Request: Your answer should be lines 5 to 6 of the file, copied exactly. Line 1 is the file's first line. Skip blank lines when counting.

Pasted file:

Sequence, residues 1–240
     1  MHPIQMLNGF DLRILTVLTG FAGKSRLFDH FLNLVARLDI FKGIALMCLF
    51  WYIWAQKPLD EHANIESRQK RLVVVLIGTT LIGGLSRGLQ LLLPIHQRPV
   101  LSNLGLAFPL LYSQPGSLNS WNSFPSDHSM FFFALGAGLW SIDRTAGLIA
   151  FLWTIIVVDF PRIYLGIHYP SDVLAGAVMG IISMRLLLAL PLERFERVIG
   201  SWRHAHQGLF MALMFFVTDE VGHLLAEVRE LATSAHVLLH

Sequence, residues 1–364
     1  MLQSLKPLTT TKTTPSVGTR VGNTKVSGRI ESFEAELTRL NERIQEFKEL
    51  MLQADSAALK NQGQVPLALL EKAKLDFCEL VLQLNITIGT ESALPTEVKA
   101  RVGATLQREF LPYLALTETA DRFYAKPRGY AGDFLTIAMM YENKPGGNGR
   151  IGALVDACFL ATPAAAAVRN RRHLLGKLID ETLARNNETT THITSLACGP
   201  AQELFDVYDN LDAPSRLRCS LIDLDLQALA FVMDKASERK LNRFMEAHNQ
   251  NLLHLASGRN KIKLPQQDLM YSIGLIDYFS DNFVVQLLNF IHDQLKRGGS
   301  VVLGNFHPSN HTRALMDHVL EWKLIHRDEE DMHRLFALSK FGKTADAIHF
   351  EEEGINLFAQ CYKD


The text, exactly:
   151  FLWTIIVVDF PRIYLGIHYP SDVLAGAVMG IISMRLLLAL PLERFERVIG
   201  SWRHAHQGLF MALMFFVTDE VGHLLAEVRE LATSAHVLLH